The Core Federal Services Council is Gone. Now What?

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The Office of Managment and Budget's recent memo to reduce reporting burdens also eliminated a customer experience-focused group.

Stephanie Thum, CCXP, is the former vice president of customer experience at the Export-Import Bank of the United States. She is currently practice director, customer experience and analytics at Capitol Management Consulting Services. Follow her on Twitter: @stephaniethum

Last week's memo from the Office of Management and Budget that eliminated, modified or paused dozens of federal agency requirements did away with an interagency initiative that some once thought to be a positive force for more focus on citizen/customer experience in government: the Core Federal Services Council.

OMB created the CFSC in 2016. It was a spinoff of sorts to a multiagency group of agency officials who initially came together several years ago to advance President Barack Obama's management goal on customer service. The idea for CFSC was that a group of high-level executives from the biggest agencies could make government better if they got together, communicated best practices among themselves, and identified strategies for improving citizens' experiences with major federal programs.

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Last week's OMB memo said, in essence, CFSC wasn't working. So, it's now a thing of the past.

But just because the CFSC is gone doesn't mean agencies are off the hook when it comes to focusing on customer experience. And it doesn't eliminate the need for skilled customer experience pros.

According to last week's memo, in lieu of the CFSC, agencies now should lean toward the smarts of the Program Management Improvement Accountability Act, a piece of business-oriented legislation passed during the final days of Obama administration. It steers agencies toward more efficient, resourceful and standardized business practices in managing programs, delivered through the expertise of designated program management improvement officers.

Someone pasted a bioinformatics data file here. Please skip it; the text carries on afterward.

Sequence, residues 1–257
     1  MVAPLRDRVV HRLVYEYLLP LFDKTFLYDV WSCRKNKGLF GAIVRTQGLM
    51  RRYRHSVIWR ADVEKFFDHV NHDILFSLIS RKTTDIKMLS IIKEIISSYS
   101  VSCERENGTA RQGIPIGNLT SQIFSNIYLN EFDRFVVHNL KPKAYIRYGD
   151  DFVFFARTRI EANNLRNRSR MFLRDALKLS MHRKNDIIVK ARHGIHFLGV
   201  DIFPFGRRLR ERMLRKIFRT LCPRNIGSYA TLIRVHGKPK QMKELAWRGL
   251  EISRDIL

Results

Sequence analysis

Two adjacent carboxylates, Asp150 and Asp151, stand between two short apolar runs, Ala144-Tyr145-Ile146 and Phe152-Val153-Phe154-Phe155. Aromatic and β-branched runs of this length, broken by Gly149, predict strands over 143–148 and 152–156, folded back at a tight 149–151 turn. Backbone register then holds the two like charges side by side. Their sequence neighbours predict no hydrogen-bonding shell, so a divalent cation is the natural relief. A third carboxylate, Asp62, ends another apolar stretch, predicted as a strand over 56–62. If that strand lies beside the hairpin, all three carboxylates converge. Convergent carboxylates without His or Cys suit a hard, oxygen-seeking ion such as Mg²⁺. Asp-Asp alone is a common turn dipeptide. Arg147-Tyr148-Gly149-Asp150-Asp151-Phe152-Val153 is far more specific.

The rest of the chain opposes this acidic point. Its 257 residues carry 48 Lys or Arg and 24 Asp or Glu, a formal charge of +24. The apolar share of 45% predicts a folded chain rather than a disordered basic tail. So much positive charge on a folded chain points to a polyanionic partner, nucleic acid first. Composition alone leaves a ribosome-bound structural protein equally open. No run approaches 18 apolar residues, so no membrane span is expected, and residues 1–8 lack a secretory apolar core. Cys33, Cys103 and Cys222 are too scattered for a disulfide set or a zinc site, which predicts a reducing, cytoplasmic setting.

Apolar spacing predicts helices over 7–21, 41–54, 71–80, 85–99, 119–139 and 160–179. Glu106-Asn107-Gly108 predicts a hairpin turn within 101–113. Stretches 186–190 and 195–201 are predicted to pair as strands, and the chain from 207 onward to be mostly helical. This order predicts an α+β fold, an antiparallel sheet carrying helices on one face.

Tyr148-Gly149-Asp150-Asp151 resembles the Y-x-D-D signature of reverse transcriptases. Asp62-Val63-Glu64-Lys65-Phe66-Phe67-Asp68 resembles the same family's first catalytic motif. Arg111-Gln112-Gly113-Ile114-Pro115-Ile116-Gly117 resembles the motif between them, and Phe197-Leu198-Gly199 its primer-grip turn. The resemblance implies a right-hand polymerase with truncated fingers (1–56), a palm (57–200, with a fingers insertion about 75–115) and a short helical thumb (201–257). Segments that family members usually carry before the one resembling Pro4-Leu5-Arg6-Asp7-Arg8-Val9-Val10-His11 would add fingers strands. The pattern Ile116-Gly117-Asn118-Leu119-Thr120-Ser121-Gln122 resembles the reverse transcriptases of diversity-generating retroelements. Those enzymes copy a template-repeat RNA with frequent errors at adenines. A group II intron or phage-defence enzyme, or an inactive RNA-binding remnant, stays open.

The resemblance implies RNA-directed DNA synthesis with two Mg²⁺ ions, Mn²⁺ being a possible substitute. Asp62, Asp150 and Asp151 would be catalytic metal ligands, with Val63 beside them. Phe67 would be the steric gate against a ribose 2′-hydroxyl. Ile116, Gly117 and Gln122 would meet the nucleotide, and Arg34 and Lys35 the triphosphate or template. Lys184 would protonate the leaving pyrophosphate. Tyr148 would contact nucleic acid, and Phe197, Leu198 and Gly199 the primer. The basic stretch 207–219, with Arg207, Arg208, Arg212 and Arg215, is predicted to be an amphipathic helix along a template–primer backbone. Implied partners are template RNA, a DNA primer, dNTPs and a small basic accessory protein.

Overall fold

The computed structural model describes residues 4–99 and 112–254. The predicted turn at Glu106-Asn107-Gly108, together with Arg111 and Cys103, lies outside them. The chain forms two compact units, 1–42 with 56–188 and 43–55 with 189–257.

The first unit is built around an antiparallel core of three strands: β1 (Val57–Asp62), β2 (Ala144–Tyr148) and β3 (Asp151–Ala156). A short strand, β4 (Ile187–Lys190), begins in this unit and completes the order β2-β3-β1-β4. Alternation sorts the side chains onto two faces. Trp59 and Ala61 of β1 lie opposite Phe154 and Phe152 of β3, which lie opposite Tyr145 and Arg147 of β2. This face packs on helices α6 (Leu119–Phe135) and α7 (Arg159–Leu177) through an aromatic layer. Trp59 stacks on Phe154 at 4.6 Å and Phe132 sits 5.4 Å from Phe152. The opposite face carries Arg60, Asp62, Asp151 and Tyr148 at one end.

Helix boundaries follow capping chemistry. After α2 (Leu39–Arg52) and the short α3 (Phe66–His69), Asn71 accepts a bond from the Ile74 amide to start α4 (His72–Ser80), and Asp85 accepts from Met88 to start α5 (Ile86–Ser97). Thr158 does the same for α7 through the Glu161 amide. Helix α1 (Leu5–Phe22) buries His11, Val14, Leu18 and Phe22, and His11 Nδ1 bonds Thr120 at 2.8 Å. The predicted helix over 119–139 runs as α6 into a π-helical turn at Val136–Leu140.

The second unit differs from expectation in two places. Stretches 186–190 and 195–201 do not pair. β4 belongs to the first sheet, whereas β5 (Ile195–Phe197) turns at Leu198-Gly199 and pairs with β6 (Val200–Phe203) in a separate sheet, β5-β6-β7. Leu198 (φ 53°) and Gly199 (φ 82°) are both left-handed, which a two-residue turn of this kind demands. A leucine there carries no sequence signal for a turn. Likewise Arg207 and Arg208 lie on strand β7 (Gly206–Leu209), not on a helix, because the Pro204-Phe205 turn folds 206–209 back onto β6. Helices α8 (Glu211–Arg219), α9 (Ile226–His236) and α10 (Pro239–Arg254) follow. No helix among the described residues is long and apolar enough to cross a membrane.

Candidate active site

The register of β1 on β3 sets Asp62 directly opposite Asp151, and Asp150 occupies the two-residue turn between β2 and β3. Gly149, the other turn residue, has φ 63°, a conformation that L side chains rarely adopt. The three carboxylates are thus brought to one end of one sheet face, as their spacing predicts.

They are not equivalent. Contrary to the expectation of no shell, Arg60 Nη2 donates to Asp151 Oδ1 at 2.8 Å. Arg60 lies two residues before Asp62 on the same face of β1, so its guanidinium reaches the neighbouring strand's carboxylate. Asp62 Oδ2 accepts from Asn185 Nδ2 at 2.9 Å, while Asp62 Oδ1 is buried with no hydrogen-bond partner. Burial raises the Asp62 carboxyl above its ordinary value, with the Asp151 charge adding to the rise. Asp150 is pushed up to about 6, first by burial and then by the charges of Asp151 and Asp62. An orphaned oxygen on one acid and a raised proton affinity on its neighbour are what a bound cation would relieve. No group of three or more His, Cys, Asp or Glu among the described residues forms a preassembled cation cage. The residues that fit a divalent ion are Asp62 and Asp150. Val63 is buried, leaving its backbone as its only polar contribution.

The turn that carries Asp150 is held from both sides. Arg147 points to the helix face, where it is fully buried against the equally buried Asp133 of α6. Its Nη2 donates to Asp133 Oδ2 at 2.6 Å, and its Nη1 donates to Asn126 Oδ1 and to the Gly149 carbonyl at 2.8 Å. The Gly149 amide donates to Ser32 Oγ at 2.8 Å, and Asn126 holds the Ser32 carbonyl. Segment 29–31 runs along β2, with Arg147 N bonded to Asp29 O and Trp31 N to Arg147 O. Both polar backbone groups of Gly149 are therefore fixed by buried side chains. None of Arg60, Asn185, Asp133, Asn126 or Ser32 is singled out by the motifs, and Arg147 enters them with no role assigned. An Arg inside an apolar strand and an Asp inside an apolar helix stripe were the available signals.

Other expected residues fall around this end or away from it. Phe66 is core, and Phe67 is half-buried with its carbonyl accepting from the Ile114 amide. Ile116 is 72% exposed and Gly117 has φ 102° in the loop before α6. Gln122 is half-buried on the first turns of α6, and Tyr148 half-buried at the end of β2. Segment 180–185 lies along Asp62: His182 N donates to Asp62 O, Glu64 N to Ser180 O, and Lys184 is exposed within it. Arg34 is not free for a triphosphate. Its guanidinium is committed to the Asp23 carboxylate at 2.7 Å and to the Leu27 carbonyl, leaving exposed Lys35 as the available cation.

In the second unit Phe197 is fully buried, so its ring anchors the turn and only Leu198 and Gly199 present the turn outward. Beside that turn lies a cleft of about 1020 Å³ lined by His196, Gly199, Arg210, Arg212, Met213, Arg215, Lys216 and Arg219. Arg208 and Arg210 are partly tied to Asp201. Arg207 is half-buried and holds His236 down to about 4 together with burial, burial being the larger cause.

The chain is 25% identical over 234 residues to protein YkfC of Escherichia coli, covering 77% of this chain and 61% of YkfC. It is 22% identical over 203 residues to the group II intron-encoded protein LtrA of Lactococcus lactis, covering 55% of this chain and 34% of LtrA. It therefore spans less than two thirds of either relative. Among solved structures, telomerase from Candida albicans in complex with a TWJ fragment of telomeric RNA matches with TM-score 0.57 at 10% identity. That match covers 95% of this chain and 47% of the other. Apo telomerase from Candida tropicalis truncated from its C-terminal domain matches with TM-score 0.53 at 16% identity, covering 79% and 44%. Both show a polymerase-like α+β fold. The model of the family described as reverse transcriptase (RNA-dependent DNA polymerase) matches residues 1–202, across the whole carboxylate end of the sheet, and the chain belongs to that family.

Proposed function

When you understand PMIAA, and the tools and techniques of program management improvement officers and program managers, then you can see how the shift does indeed keep customers in the conversation. Here are three quick points:

  1. Program managers need customer input. Credentialed program managers "get it" when it comes to using customer interviews, focus groups and prototyping to understand customers' needs for new products and better business processes. CX pros can help program managers get these insights.
  2. Program managers coordinate silos. Credentialed program managers, as a best practice, perform their work across silos. Their work entails harmonizing staff perspectives to stay ahead of missteps that delay the roll-out of tools and projects that make things easier for customers.
  3. Program managers lean on metrics. Program management as a way of doing things embraces a more sophisticated way of choosing which projects to focus on than simply pulling an idea out of the air. As a standard operating procedure, program managers are supposed to be data informed. They inspect and evaluate performance measures and costs, and proceed with that data in mind. CX metrics should be part of the repertoire. CX pros should bring that data.

From where I sit, PMIAA is a win for agencies and customers. The fact the current administration has formally pointed to the legislation as an overarching guide for improving citizens' experiences with government cannot be pushed aside.

It could still be an uphill battle, though, if agency leaders and senior teams don't understand or appreciate the work of program managers, don't know about the legislation, or won't adopt the spirit of PMIAA. That lack of understanding and/or motivation is a familiar tune in the world of government CX. If you've ever been in the trenches in government CX, then you've been there!

But by nature of their work and credentials, program managers can nudge the conversation ahead inside of agencies from, "How do we get the customer work done?" to "Here is how we are going to do the work, with skilled professionals and best practices as a guide, and get the most out of our money." The difference in focus is important to move the customer agenda ahead. It's obvious the current administration wants that. We all want that.

This article first appeared on LinkedIn.